No One Will Notice On A Trotting Horse

I know that this blog is about home and hospitality. But I am going to stretch that a little to include an aspect of parenting which causes anxiety and distress for some but energizes and brings out the theatrical in others: the school project. There is no need to be intimidated. You are not building something that needs to last, in my case, longer than two hours. Hot glue, paper clips, duct tape, and staples are your friends. It is not going in your home. You are not offering it as a product to sell. So, for all you perfectionists out there, just remember what a friend told me in college as we were working on costumes for The Music Man: “No one will notice on a trotting horse.”

The Project

One of the best things our local public elementary school does is the Fourth Grade Wax Museum. Each child chooses an historical character and becomes that person. He/she must have a costume, backdrop, and prop, as well as a one-minute memorized speech. On the day of the event, the fourth graders set up down the hallways and in the gym, each having a red “button”. All of the other students in the school, along with parents,  take turns filing through the museum. When they press the “buttons”, the “wax figures” recite their speeches. In our family, we have done Alexander Hamilton (before he was a Broadway show), Narcissa Whitman, Tecumseh, and Paul Revere. This year’s choice was Queen Elizabeth 1.

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A queen needs a throne, so not having anything that fit the bill in the house, I made a stop at Goodwill. Low and behold, I found a $3 chair. (At the register I discovered it was half price. But when I looked at my receipt later, I realized I was charged for it twice. No, I did not go get my $1.50 back. I am not THAT cheap!

The chair had seen better days, obviously, including a hole in the caning. But it had a tall back and arms. As an added bonus, it sat low to the ground, accommodating my pint-sized “queen”. I needed fabric to cover the torn seat and also for my girl’s costume. For about $15 total, Goodwill came through again. Luckily for me, many of those lush and embellished gold and gem-toned curtains from the 90’s and early 2000’s now reside at thrift stores!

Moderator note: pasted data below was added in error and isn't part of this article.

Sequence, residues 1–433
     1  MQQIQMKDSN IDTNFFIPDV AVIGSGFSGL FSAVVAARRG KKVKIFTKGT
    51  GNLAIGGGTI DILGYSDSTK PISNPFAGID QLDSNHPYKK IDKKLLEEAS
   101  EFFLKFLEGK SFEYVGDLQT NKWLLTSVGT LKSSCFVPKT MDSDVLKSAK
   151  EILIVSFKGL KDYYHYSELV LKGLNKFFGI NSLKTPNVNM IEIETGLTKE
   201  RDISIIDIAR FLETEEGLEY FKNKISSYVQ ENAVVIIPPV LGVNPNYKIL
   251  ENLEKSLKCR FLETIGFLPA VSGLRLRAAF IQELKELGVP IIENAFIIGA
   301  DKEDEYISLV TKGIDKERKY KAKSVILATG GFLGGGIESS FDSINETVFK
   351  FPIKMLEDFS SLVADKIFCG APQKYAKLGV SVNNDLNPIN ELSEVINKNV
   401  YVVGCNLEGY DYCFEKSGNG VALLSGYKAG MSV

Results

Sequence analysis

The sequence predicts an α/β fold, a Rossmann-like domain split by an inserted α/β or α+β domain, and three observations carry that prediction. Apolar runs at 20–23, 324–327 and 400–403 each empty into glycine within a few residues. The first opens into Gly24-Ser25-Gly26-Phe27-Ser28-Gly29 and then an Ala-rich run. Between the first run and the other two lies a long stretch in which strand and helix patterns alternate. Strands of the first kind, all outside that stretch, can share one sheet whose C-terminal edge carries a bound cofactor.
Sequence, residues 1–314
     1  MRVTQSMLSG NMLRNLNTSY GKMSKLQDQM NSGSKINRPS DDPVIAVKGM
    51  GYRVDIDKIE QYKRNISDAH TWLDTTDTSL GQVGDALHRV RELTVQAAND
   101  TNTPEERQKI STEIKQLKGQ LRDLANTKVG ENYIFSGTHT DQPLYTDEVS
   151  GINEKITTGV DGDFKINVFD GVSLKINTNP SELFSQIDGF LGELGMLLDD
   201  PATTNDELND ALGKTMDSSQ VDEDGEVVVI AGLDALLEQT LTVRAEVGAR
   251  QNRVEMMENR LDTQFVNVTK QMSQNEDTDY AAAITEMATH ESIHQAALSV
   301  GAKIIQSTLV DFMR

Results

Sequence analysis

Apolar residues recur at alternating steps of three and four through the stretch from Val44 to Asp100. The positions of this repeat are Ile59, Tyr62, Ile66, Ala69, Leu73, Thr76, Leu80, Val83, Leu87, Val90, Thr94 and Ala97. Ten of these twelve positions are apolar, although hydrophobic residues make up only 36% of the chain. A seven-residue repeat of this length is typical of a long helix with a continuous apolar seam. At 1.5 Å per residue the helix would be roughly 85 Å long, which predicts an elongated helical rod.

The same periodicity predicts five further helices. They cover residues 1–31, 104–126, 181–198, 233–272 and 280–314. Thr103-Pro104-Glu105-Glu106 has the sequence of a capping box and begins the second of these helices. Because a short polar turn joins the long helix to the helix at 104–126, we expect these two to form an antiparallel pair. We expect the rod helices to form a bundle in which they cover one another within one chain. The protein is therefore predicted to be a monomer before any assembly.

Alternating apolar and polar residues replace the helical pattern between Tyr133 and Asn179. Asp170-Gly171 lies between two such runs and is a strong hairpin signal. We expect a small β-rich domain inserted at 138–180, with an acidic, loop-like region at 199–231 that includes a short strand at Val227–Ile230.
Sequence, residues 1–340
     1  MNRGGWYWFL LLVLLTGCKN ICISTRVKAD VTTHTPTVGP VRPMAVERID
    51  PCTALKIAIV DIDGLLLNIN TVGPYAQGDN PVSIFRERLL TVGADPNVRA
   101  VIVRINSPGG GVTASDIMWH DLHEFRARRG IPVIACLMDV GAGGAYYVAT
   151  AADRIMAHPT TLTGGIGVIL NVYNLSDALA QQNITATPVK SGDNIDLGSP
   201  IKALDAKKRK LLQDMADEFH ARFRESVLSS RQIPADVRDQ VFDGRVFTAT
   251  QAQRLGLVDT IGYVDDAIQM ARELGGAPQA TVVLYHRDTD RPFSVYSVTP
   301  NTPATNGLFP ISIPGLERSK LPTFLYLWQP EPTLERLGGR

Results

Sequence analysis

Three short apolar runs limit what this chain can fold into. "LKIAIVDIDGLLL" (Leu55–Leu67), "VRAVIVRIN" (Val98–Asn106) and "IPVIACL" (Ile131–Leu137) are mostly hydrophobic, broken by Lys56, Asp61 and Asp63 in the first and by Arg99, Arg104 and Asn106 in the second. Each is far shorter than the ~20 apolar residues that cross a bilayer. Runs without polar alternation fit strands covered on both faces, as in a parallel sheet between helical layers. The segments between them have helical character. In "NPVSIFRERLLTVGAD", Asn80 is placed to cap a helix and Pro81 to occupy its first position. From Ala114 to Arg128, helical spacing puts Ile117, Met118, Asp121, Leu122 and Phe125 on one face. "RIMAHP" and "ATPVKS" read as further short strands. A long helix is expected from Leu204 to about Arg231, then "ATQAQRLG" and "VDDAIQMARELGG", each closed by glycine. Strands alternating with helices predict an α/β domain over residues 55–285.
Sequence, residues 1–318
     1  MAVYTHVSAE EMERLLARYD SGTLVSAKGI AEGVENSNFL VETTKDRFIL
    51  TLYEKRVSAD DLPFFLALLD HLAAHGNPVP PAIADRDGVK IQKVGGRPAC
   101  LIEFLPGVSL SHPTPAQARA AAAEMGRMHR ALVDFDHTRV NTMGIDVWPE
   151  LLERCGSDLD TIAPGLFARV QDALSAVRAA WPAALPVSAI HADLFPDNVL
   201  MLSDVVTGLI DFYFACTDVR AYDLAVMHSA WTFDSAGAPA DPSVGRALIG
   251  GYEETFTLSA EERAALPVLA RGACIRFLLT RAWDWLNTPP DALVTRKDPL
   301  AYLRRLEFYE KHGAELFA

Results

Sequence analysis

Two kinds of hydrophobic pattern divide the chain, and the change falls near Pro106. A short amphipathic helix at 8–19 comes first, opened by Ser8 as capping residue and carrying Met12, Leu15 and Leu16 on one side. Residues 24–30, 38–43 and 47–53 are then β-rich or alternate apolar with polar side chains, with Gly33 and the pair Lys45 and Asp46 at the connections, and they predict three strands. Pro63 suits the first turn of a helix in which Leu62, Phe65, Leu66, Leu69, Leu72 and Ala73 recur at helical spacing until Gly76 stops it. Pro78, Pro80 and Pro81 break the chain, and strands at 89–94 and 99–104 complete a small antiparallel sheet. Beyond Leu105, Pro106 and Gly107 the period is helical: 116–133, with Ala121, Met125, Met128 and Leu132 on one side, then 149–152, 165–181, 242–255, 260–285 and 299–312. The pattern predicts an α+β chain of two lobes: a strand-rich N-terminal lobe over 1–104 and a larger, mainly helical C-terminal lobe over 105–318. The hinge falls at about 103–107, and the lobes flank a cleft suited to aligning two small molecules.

Even though I had purged a lot from my Makery (studio), there was still a stash of trims, pearls, and some curtain rod finials. Along with two valances, a second-hand pillow, and gold craft paint, I had all the ingredients necessary for a royal transformation.

Since the chair had good bones and I saw it having another life after the wax museum, I didn’t want to properly upholster it. Instead I simply hot glued the new fabric on so I could easily remove it all for the chair’s next incarnation. This is how I did it.

Tools and Materials

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    Steps:

    1. Drill a hole in the corners of the chair back for finials.
    2. Paint the new finals plus arms and legs of the chair gold. Don’t worry about multiple coats. It’s supposed to look old.
    3. Cut the height of the thrift store valance to desired dimension.
    4. Hot glue valance to seat.
    5. Use remaining fabric and glue to cover the back of chair.
    6. Hot glue trim to cushion.

     

    To finish out the scene, my little "queen" and I painted faux stones on the ¼’ plywood back drop recycled from my last fourth grader then stapled Goodwill curtains to it.  

    The scepter employed a thrift store curtain rod, a Styrofoam ball, spray paint, gold paint, and stick on jewels, carefully attached by said queen.

     

    “Queen Elizabeth’s” dress did require some sewing skill but not nearly as much as you would imagine. It started with a velvet dress we had in the costume box. Curtains became the skirt and cape while a contrasting valance cut in half became the lower sleeves.

    The collar, or ruff, was made from poster board and paper doilies and the head piece from poster board and old strings of faux pearls

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    So here is what some of you may be thinking:

    'I am never going to do that.'

    'I am glad those days are over!'

    'I can't wait to do this stuff for the kids in my life.'

    'Someone in this house needs to learn to sew.'

    'That still looks really hard.'

    Well, I can't quell all your anxiety and you may never need to create a throne. But chances are at some point you will have to make costumes, props or sets for some activity at church, school, or in the community. Don’t stress. Remember that hot glue, paper clips, duct tape, and staples are your friends because “No one will notice on a trotting horse.”